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Problem of the Week #81 - December 16th, 2013

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Chris L T521

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Jan 26, 2012
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Chris L T521

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Jan 26, 2012
995
This week's problem was correctly answered by mathbalarka. You can find his solution below.

Let $Y$ be a non-null subset of $X \times [0, 1)$ and let it be bounded by some ordered pair $\langle x, r \rangle \in X \times [0, 1)$. We have $\langle x, r \rangle <_d \langle x + 1, 0 \rangle$ where $<_d$ is the lexicographical ordering relation.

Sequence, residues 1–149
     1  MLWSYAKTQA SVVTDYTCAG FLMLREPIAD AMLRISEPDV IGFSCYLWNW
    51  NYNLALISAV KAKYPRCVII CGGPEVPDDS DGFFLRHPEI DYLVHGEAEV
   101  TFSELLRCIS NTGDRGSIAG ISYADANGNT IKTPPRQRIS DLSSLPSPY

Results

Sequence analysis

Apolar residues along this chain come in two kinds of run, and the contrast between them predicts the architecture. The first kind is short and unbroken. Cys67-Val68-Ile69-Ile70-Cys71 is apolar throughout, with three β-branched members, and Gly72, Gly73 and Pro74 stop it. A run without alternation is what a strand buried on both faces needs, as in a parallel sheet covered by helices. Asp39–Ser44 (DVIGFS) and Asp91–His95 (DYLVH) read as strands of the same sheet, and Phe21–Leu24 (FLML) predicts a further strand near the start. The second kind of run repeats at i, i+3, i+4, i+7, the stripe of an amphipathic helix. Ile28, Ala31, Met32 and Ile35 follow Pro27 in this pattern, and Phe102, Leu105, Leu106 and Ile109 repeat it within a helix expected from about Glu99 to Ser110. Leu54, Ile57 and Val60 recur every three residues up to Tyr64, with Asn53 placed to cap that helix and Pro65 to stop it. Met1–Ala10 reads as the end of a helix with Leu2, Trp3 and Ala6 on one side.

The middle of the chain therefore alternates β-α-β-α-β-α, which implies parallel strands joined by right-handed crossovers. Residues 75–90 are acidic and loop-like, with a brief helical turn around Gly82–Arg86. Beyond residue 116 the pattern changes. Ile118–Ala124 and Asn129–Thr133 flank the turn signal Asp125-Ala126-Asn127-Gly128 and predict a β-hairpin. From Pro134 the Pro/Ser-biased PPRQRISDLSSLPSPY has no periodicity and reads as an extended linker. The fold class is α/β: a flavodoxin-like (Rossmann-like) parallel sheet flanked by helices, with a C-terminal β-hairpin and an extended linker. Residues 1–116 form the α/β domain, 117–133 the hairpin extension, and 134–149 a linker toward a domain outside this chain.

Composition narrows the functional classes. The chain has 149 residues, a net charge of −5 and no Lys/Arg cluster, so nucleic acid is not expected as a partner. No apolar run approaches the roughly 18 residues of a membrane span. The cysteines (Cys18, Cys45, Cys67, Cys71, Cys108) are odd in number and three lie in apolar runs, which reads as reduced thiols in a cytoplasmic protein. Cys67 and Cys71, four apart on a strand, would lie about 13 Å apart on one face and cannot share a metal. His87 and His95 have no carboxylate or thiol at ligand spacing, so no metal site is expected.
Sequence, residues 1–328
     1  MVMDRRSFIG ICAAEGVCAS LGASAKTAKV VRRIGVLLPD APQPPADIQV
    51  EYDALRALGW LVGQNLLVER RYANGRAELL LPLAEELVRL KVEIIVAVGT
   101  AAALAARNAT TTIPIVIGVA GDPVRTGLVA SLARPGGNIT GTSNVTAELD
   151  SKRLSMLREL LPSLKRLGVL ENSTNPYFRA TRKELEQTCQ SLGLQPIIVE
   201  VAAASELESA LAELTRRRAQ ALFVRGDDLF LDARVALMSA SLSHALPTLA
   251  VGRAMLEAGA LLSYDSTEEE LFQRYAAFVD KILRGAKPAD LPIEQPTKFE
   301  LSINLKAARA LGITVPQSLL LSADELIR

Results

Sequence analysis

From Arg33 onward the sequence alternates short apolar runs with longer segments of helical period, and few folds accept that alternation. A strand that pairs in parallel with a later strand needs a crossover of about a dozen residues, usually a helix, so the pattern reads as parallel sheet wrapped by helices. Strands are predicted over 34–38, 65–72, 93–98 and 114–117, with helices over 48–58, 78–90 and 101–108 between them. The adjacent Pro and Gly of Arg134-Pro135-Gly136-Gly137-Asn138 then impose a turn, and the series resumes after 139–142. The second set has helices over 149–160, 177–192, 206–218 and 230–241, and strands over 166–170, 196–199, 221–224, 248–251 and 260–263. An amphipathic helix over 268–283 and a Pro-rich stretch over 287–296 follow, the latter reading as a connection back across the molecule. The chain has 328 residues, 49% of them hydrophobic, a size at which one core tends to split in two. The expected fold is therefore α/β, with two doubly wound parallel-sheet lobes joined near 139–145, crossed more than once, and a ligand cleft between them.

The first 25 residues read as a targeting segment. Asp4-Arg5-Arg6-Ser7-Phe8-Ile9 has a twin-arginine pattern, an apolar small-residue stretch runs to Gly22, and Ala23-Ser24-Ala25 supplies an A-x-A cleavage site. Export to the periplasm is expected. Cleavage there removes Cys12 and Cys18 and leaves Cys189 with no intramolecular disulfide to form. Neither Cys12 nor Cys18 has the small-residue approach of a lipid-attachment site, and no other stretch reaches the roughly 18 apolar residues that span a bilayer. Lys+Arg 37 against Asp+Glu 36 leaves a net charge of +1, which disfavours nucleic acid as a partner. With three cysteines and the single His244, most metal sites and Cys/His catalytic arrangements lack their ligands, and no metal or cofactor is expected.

Let $K = \{ x \in X \; : \; \langle x, 0 \rangle \,\,\text{is an upper bound of}\,\, Y\}$. We see that it is non-null as per the calculations above. Let $\langle x', 0 \rangle$ be the least element of $K$ and an existence of such an element follows from the well-ordering on $X$ by the total order $\leq_X$.

If $x' \in Y$, $\langle x', 0 \rangle$ is the least upper bound of $Y$. Otherwise, define $S = \{y \in [0, 1) \; : \; \langle x'', y \rangle \in Y\}$ such that for all $k \in X$ with $k <_X x'$, $x'' \geq_X k$. The existence of $x''$ follows from the well-ordering of $X$. As $\langle x'', 0 \rangle$ is not an element of $K$, it follows that $\langle x'', 0 \rangle \in Y$ and thus proving $S$ to be non-null. As $[0, 1)$ is bounded, a least upper bound of $[0, 1)$ trivially exists. Thus, showing $S$ is least-upper-bounded and consequently proving the least-upper-bound property for $X \times [0, 1)$.

We see that $X \times [0, 1)$ is densely ordered by noting that $[0, 1)$ is a dense subset of $\mathbb{R}$, thus proving that $X \times [0, 1)$ is a linear continuum.
 
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